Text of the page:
By: Oliver McManus
Jordan Gill suffered a shock first defeat of his career last night in Nottingham, retiring after the eighth round in a contest that he never truly got into. Enrique Tinoco was the plucky Mexican to catch Gill unawares and did so in punishing style with unsympathetic salvos to the body of the Chatteris featherweight.
On paper this should have been a walk in the park for Gill given the manner in which he brushed aside Ryan Doyle and Emmanuel Dominguez: before the first round started it was more a question of ‘can he get another knockout?’, not ‘will he win?’. Tinoco was in altogether different mindset and, having initially weighed in 5oz over the limit, looked the far bigger man.
That disparity in size was made immediately obvious as Tinoco looked to be carrying that exrta heft behind his punches. There were no surprises as to the speed of this fight as both men looked to establish themselves from the off: neither fighting ceding centre ground. Gill was far more orthodox in leading with the jab whilst Tinoco made use of garish angles to find his man.
Photo Credit: Matchroom Boxing Twitter Account
Issues arose when the challenger landed with regularity to Gill’s body; the home fighter visibly tensed with as the blows totted up. In the third round Tinoco set things up with a lovely punch to the liver before a quick flurry of punches, thrown with Tinoco marching forward, saw Gill hit the canvas.
From there on in the body was route one for his opposite number, exploiting his achilles heel, and Gill just could not live with them. Every time Tinoco shimmied towards the inside he found Gill an unmissable target – something wasn’t quite right about the 24 year old – and it was only matter of time before he fell once more. A right hook crashed home in the fifth and Gill was back on the seat of his pants.
This was not a one-sided affair such as Sergio Garcia vs Ted Cheeseman but Tinoco gaining in confidence with every passing round. Gill just didn’t look himself: we’ve seen Dave Coldwell’s prospect look far more assured than on Friday night. He did, in fairness, return in the seventh with a far more competent round as he scrambled for a foothold in a contest that was slipping through his fingers like sand in an hourglass.
Tijuana’s tactician respond in the only way he knew how with relentless pressure to assert his dominance. More body shots flooded Gill was immeasurable discomfort and, after being dropped in the eighth, Dave Coldwell opted to withdraw his charge. An understandable decision given the underwhelming nature of Gill’s performance: after the fight it emerged the former champion had suspected food poisoning but, whatever the reasoning, he just couldn’t find a rhythm.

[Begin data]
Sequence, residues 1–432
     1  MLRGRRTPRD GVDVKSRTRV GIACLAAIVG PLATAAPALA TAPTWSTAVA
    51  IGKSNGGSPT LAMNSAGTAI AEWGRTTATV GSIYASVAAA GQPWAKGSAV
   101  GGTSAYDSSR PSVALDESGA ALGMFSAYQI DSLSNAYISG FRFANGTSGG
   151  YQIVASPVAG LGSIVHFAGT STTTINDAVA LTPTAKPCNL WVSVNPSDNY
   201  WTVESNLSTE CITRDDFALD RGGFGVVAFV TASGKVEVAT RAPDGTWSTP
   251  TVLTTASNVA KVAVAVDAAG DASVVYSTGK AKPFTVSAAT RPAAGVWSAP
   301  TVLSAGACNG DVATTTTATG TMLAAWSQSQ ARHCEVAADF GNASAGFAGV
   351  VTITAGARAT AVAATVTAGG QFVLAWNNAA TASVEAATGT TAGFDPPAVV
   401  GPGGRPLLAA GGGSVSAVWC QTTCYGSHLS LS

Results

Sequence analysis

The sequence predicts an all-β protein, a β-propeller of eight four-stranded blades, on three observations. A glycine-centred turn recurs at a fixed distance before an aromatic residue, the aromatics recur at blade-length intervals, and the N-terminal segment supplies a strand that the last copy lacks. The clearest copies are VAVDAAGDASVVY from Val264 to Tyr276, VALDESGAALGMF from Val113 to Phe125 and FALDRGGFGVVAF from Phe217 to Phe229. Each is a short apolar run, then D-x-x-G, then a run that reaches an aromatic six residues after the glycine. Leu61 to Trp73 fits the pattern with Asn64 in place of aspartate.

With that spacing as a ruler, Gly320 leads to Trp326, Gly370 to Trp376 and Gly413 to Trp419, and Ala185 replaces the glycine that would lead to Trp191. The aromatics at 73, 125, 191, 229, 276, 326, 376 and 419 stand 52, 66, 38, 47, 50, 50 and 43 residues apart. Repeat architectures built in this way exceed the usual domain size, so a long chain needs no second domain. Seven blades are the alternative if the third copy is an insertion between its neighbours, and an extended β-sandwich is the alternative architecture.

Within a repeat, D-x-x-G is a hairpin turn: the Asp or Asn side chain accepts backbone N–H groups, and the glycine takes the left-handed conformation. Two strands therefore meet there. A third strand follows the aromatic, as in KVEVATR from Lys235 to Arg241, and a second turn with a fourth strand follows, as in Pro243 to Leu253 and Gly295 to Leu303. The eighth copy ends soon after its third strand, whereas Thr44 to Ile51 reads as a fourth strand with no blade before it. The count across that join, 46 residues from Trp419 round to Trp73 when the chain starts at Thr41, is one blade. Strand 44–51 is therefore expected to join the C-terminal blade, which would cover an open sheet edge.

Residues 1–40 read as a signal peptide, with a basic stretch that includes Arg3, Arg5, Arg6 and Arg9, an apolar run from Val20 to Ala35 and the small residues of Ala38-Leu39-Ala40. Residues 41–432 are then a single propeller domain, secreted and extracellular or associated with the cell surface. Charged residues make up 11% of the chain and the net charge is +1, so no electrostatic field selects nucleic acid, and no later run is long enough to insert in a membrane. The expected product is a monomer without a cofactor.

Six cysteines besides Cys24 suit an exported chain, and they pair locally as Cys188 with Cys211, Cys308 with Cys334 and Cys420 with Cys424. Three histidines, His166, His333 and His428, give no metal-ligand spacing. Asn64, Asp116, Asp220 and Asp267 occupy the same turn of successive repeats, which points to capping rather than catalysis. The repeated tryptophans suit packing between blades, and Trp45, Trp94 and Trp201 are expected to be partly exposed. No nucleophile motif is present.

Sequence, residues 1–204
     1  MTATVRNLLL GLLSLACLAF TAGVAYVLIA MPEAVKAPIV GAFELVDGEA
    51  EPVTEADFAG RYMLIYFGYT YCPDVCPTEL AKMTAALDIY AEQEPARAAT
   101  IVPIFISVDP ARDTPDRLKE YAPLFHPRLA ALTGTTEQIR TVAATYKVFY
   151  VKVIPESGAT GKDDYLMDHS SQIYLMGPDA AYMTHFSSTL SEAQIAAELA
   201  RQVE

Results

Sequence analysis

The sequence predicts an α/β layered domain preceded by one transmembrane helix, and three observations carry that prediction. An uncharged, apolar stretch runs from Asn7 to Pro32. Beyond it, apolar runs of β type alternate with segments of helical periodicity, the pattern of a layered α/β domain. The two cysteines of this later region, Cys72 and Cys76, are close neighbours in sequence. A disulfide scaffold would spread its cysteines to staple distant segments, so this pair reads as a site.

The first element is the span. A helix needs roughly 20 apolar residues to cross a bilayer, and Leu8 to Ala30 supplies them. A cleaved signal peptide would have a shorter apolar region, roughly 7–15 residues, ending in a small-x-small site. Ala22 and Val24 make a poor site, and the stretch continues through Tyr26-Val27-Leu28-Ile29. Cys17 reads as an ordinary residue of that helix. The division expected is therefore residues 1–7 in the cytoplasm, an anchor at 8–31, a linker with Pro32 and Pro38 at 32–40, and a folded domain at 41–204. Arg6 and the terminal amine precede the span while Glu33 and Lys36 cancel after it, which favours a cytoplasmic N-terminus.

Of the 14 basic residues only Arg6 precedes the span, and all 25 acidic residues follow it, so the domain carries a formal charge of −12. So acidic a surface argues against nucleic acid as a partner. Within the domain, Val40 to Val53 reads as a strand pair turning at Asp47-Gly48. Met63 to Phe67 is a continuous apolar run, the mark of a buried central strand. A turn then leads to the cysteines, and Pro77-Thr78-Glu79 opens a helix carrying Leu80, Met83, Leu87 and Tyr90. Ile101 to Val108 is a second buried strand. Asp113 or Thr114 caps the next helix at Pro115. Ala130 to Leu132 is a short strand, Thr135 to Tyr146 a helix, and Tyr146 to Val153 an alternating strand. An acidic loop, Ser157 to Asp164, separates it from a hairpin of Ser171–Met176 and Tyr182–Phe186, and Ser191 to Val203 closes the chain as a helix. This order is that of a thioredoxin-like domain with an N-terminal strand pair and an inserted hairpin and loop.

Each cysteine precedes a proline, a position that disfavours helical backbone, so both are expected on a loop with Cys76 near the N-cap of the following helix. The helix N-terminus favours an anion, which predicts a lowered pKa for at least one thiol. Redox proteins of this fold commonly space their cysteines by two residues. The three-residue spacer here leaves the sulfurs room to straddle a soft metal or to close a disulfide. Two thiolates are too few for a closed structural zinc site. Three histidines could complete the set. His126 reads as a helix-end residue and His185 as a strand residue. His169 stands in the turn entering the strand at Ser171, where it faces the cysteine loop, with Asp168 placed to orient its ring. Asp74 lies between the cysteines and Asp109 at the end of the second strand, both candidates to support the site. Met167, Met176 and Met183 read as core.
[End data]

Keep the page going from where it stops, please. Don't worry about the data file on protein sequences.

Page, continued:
A first for loss for Jordan Gill but in nowhere near as career-detrimental fashion as the likes of Ted Cheeseman; he’ll be back, he’s already proven his quality at this level, but he’ll have to take lessons from this fight if he is to push on.
The co-main event featured local sensation Leigh Wood finally getting the chance to put on big performance under the bright lights of his home city. The Commonwealth champion was defending his belt against, former holder, Ryan Doyle and this was, without a doubt, the stiffest challenge of his career since losing to Gavin McDonnell in 2014. A sixth round knockout, that reversal was the sole loss on Wood’s career whilst Doyle was looking to respond immediately from a seventh round TKO loss to Jordan Gill.
A contest that started cagily saw neither fighter willing to commit but Wood was showing more ringcraft as he settled on the backfoot, forcing to Doyle to try and close the distance – something he struggled to do. The defending champion looked to be at ease with the situation he found himself in whereas there was, perhaps, a sign of nerves from his challenger.
Wood found his feet early on and hit his stride after the tentative first round but gradually increased his application of pressure, tightening his grip on the contest. Confidence was never an issue for the local man who began to unfurl hook after hook to push his challenger up against the ropes and, when there, let his hands go with crisp accuracy and timing.
Doyle offered little to threaten his opponent and appeared to be a sitting duck, just waiting to drop from a sustained attack and the cork popped in the tenth round. Wood opened up the defence of his opponent through planted body shots before as clean a punch as you will ever see put the contest beyond all doubt. A ferocious counter left-hook twisted the head of Doyle, figuratively and literally, and that was that. Punch perfect from Ryan Doyle.
Big time boxing has been away from Nottingham for a little while but, if last night is anything to go by, it’ll be back very, very soon.
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